According to news reports, former Defence Secretary and Presidential aspirant Gotabaya Rajapaksa is facing two civil suits in separate cases linked to events in Sri Lanka during his term in office in the US federal district court in California.
One is a suit filed by Ahimsa Wickrematunge who is seeking compensatory and punitive damages from the defendant ‘for instigating and authorising the extrajudicial killing’ of her father in jury trial.
Her litigation is supported by the California-based Centre for Justice and Accountability.
Prof of Law G.L.Peiris while confirming that a law suit has been filed in the State of California by Ahimsa Wickrematunge has queried whether the daughter of the slain Sunday Leader editor Lasantha Wickrematunge was using or abusing the US legal system for what he called collateral purposes.
Prof. Peiris has expressed his dismay over the action taken a decade after the assassination though, since Gotabaya Rajapaksa almost every year visited the US in the past 10 years.
This exploration of the US legal process relied on by Ahimsa Wickrematunge is prompted by the skepticism expressed by our ‘Good Prof of Law’ who has taught law but never practised before a judge and a jury. The good professor cannot be ignored. The skeptical legal tradition runs from Thrasymachus in Plato’s Republic) to Hobbes and Bentham and even beyond. The law also has an invisible entity called ‘justice’. What follows is a simple ‘voyage of discovery’ by a layman relying on simple commonsense as the only compass for direction.
Gotabaya Told a Sinhala Weekly “If Lasantha’s daughter wants to know who his murderers are,ask her to come to Sri Lanka and meet me. I will tell her what happened.” Now Ahimsa Wickrematunge Wants Gota to Tell her What he Knows in a US Court of Law
Why now? In 2009, Gotabaya Rajapaksa did not know much about Lasantha Wickrematunge. Hence his rhetorical inquiry ‘who is Lasantha?’
In 2019 he is better informed.He told a Sinhala weekly “If Lasantha’s daughter wants to know who his murderers are,” Rajapaksa said, “ask her to come to Sri Lanka and meet me. I will tell her what happened.”
Now, Ahimsa wants him to tell her what he knows in the US District Court in California. That seems to make eminent sense.
Here is my take about seeking justice in San Francisco and serving summons in the parking lot of Trader Joe’s.
Victor Jara was a celebrated singer, theatre director and a university professor in Chile. His lyrical genius and haunting music about poverty and injustice earned him the sobriquet, “Bob Dylan of Latin America.”
Victor Jara was a sympathiser of the socialist President of Chile – Salvador Allende who was ousted in 1973 in CIA backed military coup led by Augusto Pinochet who promised Chileans that he will build a new Chile with character, discipline, progress and national honour.
He was detained along with his students, fellow academics in a Chilean soccer stadium that has since been named after him. According to detainees who survived, Victor Jara’s hands were smashed with the butt of a gun and badly beaten up. When his body was found three days after his disappearance near a cemetery, it was found riddled with 44 bullet holes.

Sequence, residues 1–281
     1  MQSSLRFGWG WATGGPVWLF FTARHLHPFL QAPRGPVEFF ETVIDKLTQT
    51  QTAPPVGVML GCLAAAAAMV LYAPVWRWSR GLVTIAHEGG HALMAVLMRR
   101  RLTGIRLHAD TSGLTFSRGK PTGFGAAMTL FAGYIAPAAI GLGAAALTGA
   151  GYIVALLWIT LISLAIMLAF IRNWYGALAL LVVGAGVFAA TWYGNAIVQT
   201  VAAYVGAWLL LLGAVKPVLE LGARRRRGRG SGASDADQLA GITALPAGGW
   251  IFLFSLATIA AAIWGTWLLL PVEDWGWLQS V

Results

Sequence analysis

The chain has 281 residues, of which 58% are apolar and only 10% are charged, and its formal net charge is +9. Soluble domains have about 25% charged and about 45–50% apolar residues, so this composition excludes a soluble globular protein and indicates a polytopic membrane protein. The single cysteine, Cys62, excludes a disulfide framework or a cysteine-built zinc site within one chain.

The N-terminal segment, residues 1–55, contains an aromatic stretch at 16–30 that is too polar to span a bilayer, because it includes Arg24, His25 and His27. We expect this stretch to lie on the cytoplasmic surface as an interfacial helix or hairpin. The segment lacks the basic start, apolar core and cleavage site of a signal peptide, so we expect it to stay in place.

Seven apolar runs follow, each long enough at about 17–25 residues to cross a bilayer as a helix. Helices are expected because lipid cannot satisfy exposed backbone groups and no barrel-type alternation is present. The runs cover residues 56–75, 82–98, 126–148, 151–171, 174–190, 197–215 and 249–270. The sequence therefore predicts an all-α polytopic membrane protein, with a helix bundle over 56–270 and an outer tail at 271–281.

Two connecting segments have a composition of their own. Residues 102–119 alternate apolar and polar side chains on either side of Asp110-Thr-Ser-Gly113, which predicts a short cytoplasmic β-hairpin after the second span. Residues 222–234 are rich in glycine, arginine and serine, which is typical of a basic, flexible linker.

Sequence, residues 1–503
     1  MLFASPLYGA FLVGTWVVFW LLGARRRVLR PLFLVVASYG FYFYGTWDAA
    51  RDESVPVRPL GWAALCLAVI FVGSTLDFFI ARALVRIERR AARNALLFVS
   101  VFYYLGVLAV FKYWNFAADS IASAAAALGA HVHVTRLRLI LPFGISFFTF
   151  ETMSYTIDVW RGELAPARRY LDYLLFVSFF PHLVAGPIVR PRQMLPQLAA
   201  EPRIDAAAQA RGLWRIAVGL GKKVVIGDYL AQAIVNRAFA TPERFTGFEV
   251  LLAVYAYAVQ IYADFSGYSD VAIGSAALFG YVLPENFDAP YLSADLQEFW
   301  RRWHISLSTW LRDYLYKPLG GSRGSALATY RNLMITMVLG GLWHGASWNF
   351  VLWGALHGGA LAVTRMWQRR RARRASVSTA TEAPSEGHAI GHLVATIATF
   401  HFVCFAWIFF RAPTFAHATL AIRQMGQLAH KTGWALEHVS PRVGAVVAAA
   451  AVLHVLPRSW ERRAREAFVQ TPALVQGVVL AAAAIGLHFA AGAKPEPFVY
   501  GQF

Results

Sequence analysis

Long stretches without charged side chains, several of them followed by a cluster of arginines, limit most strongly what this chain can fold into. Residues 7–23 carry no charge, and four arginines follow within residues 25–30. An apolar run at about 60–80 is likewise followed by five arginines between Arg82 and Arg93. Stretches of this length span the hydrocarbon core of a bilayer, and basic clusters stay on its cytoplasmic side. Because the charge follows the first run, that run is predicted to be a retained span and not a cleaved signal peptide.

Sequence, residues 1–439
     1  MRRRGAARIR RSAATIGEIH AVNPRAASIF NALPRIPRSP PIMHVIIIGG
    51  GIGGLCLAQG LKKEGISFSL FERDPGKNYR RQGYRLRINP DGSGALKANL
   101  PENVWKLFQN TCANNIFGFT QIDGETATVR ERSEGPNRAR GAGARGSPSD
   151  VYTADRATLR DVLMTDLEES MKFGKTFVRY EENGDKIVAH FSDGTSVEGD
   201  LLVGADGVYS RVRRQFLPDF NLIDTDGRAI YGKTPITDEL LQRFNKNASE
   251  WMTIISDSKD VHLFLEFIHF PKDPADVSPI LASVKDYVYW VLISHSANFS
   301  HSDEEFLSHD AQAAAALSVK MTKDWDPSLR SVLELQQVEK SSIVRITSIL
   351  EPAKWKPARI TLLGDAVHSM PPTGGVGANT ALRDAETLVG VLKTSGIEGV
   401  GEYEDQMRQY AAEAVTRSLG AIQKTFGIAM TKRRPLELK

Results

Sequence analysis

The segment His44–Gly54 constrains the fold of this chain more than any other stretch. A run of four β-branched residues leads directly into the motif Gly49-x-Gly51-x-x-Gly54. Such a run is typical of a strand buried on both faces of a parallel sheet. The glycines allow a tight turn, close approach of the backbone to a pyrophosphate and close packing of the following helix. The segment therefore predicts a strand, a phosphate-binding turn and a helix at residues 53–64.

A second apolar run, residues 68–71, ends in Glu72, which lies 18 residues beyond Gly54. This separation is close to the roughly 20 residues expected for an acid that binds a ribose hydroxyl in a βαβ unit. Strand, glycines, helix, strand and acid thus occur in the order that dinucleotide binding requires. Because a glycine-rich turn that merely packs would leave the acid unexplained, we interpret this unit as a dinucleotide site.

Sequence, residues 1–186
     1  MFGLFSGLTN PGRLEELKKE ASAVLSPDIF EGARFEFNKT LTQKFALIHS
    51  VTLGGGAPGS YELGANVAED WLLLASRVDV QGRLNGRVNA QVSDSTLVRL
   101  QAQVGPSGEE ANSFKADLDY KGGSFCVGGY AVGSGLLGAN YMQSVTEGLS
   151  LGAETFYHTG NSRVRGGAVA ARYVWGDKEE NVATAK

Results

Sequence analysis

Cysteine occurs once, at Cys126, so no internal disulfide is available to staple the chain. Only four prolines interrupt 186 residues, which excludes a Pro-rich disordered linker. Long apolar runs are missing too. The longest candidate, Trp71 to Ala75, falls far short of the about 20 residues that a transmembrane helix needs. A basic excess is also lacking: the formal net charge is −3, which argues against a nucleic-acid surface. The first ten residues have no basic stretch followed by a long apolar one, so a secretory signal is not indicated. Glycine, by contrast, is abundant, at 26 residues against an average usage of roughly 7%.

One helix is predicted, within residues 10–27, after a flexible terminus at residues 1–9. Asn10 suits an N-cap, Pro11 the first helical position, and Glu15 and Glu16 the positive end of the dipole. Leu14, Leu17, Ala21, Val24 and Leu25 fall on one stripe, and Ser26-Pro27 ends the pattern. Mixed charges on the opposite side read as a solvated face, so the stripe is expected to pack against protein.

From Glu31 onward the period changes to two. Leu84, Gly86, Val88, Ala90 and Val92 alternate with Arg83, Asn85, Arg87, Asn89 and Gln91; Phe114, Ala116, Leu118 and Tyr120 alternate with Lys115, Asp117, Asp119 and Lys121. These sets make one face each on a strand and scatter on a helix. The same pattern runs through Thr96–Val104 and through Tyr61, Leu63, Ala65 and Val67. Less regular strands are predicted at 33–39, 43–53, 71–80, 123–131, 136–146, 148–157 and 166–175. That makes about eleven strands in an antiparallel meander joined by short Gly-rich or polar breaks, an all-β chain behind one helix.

His British-born ballerina wife Joan and his daughter Amanda, fought a long-running campaign for justice in his case and had his body exhumed in 2009 for a full autopsy.
Forty three years later, in 2016, a civil court jury in Florida found a former military officer, retired army lieutenant Pedro Barrientos, liable for torturing and killing Jara. Barrientos, who was living in Florida was ordered to pay $28 million in damages to Jara’s family.
The case against Barrientos was filed by the US-based Center for Justice and Accountability on behalf of Jara’s widow, his daughter and step-daughter.
It is the same human rights advocacy group that supports Ahimsa Wickrematunge in her plea for a jury trial and justice for her father slain in year 2009 at Attidiya, Sri Lanka. It seems Ahimsa’s quest for closure is 30 years ahead of Amanda Jara, the daughter of Latin American Bob Dylan who found it in an Orlando courtroom in Florida.
A federal jury in Orlando concluded that a former Chilean army officer who had emigrated to the United States and worked as a short-order cook was liable for the torture and extrajudicial killing of Mr. Jara at the Chilean sports stadium in 1973.
The former officer, Pedro Pablo Barrientos, 67 was a naturalised American citizen and resident of Deltona, Florida.
He was named as the respondent and defendant in a civil suit brought under an American law that is known as the Alien Tort Statute.
Barrientos was described in court as having bragged about shooting Jara. Mrs. Jara now aged 88, provided testimony on how her life was ‘cut in two’ after the coup and the violent death of her husband.
“It was the end of my first life, because I lost so much on that day,” she said. “I lost my job and my profession. My children left their school, their friends, their home and their country. I was never able to remarry. I had been very much in love with Víctor.”
Barrientos was taken to court by the New York law firm Chadbourne & Parke with assistance from the Center for Justice and Accountability. They filed a civil lawsuit against Barrientos in 2013 on behalf of the Jara family.
A former soldier, José Navarrete, testified that Barrientos boasted about having shot Jara twice in the head. “He used to show his pistol and say “I killed Víctor Jara with this” he told the court in a videotaped deposition. Navarrete said he had not come forward with his testimony before for fear of retaliation.
Barrientos told court that he went to the United States to earn money for his children’s education, not to evade possible prosecution. He claimed he was never at the Chile Stadium and denied knowing who Víctor Jara was before 2009, despite his widespread popularity in Chile.
Several former soldiers testified through videotaped depositions, that they were part of the section from the Tejas Verdes regiment under the direct orders of Barrientos at the Stadium.
Two former prisoners gave details of the violence, killings and suicides that took place in the stadium and how Jara was singled out and assaulted even as he was entering the Stadium.
“That night Víctor was exhibited as a trophy to other officers. They also beat him,” recalled Boris Navia, a former detainee. He said one of them crushed his hand and beat his arm, saying “you’ll never be able to play the guitar again.”
Jara’s daughter Manuela described the litigation as being “emotionally intense.” “They concentrated all of the pain, sadness and anger Chile has gone through, and specifically the horrors at the Chile Stadium. The culture of lies, cover-ups and bullying were pulverized by the weight of the truth in this courtroom.”